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WORKPLACE studio 2018 Design Review


Welcome


In 2018, DLR Group’s Workplace studio enthusiastically shouldered a burden of proof, with a mission to verify the effectiveness of every project we touch. Our researchers engaged with academic institutions to prove industry assumptions around the nexus of health and environment. And Workplace Elevated, our strategy program, embarked on a long-term aim to definitively prove the impact of the workplace on employee satisfaction and loyalty. These proof initiatives are born from challenges we’re tackling with our clients: as a bullish economy fluctuates, many real estate investors look to shorten their investment horizons while not sacrificing the experiential hallmarks that are now expected. We’re bridging the gap by designing high-performing, resilient assets. In Workplace interiors, a growing delineation between ideation (people) and production (technology) demands ever more nimble work environments that leverage today’s unprecedented access to empowered customers and a fluid global talent market. We’re emboldened by these challenges, because with proof comes opportunity. The opportunity to knit together the five generations now working in the workplace to combat record levels of stress, anxiety, and loneliness. The opportunity to dispel fears around the advent of automation with work cultures that offer more creative and varied functions to their people. And, the opportunity to embrace emerging realities – together with our progressive clients – and position corporate real estate to accelerate the experience, sharing, and learning economies. Enjoy this glimpse into some of our highlights from 2018, and join us on the journey forward.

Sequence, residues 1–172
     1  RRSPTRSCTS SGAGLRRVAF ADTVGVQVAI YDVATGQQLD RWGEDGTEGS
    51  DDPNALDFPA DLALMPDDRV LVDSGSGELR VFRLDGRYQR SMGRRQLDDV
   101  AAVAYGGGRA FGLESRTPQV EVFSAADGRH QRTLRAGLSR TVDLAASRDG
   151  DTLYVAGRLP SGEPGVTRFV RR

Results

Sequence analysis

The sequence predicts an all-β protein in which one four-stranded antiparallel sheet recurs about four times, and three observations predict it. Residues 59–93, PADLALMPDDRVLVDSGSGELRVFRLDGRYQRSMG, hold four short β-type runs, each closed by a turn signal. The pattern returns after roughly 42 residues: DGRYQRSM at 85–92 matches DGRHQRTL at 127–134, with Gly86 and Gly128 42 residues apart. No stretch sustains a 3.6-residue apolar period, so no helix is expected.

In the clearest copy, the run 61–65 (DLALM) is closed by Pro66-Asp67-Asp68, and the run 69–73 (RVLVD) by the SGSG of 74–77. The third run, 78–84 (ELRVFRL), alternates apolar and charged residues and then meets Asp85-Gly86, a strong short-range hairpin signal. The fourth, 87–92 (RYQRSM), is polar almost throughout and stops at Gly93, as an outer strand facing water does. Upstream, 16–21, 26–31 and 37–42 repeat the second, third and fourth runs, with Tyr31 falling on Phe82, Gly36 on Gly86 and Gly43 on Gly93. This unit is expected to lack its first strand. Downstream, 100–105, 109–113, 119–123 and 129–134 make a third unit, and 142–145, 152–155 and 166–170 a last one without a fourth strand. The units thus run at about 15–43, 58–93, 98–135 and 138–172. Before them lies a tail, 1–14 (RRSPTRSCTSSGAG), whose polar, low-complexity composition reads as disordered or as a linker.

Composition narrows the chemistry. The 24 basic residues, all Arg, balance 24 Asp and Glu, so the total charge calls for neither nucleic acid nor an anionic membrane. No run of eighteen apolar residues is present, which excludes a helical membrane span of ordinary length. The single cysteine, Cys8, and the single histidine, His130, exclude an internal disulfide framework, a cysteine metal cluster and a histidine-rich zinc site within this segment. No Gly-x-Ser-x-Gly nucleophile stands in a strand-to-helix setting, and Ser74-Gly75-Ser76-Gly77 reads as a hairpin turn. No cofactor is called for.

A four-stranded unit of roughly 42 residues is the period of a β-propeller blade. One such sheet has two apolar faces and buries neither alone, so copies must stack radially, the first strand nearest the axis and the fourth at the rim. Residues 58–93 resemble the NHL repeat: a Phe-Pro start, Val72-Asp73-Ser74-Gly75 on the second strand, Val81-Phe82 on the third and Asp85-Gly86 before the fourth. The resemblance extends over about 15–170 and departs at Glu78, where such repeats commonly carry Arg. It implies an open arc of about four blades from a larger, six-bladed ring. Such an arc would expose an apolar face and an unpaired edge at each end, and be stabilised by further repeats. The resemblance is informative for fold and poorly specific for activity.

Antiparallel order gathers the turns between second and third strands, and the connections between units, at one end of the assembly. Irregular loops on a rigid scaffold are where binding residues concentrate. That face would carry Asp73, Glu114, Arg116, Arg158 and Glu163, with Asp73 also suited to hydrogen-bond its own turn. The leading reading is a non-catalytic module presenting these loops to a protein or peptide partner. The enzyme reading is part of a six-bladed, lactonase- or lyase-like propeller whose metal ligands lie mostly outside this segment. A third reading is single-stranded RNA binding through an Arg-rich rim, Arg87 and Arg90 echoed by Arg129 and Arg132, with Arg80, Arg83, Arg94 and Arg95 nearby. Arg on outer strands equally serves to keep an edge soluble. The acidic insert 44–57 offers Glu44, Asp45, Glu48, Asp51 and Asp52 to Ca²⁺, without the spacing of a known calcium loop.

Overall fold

Angela Castleton, PCCM Global Workplace Leader


Leadership


Steve Cavanaugh, AIA, LEED AP

Jesse Duker

Amy Farrell, NCIDQ

Jo Heinz, FIIDA

Casey Kent, AIA, GGP

Janice Linster, FASID, LEED AP

Mark Ludtka, AIA, LEEP AP BD+C

Mike Minton, AIA

Jeremy Reding, AIA, WELL AP

Amarpreet Sethi, CEM, HBDP, BEMP, LEED AP

Melissa Spearman, LEED AP BD+C, PCCM

Tim Thielke, AIA, LEED AP

Michael Vander Ploeg, AIA

Gretchen Wahab, NCIDQ, LEED AP, PCCM

Alison Marik Zeno, NCIDQ, LEED AP ID+C

Chicago Principal

Dallas Principal

Seattle Principal

Seattle Principal

Seattle Senior Associate

Los Angeles Principal

Denver Senior Associate

Washington, D.C. Senior Associate

Omaha Principal

Los Angeles Principal

Cleveland Associate

Minneapolis Principal

Seattle Principal

Phoenix Senior Associate

Los Angeles Senior Associate


Insights


2018 marked the year of performance. Evidence of the links between physical environment and a thriving workforce, enterprise, and economy increasingly influence the thought process that underpins design. DLR Group’s High Performance Buildings and Research & Development teams pioneered new approaches to age old issues and industries, while our Design Agency movement spurred public-private collaborations for change in our urban cores.


High Performance Workplace: People + Place

Statistical evidence now supports the business case for user- based sustainable office design. by Amarpreet Sethi, CEM, HBDP, BEMP, LEED AP

Amarpreet is a Seattle-based certified High Performing Building Designer who connects facts and figures with a humanistic design impulse.

As workplace architects, designers, and engineers, we have long sensed that the office environment has a large impact on how effectively we are able to work. Views, daylighting, indoor air quality, thermal comfort, and other indoor environmental quality factors have all been shown to have significant positive impacts on workplace productivity. We consistently consider these design features in our high-performance design practice, which focuses on complementary strategies proven through research to improve health and wellness of users.

Through a literature review, we identified four major impact areas, and have proposed resulting design best practices that unlock the interrelated performance benefits of sustainable design.

Cognitive Function

Fatigue

Mood

Health

Read the full series, with supporting academic research.


The quality and quantity of air in the spaces we inhabit can improve our health, wellbeing, and cognitive function while reducing energy consumption.

With 90% of our lives spent indoors, views are a scientifically legitimate design feature that can reduce stress and regulate physiological reactions.

Indoor Air Quality

Biophilia & Views

key findings: 35% reduction in sick days, 61% improved cognitive function

key findings: 10% reduction in sick days, 10-25% improved cognitive function

Minimize off-gassing: Materials with Health Product Declarations